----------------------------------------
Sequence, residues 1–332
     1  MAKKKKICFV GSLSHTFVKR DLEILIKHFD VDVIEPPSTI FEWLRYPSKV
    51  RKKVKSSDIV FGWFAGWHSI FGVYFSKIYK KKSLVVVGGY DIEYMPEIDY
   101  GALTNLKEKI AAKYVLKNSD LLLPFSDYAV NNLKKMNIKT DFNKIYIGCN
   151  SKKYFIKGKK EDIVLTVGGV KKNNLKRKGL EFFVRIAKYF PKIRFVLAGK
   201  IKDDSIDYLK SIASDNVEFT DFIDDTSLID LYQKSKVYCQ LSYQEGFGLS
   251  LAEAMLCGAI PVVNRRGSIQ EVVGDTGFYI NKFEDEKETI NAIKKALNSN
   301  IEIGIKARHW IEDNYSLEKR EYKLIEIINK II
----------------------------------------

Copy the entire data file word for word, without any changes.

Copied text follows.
Sequence, residues 1–332
     1  MAKKKKICFV GSLSHTFVKR DLEILIKHFD VDVIEPPSTI FEWLRYPSKV
    51  RKKVKSSDIV FGWFAGWHSI FGVYFSKIYK KKSLVVVGGY DIEYMPEIDY
   101  GALTNLKEKI AAKYVLKNSD LLLPFSDYAV NNLKKMNIKT DFNKIYIGCN
   151  SKKYFIKGKK EDIVLTVGGV KKNNLKRKGL EFFVRIAKYF PKIRFVLAGK
   201  IKDDSIDYLK SIASDNVEFT DFIDDTSLID LYQKSKVYCQ LSYQEGFGLS
   251  LAEAMLCGAI PVVNRRGSIQ EVVGDTGFYI NKFEDEKETI NAIKKALNSN
   301  IEIGIKARHW IEDNYSLEKR EYKLIEIINK II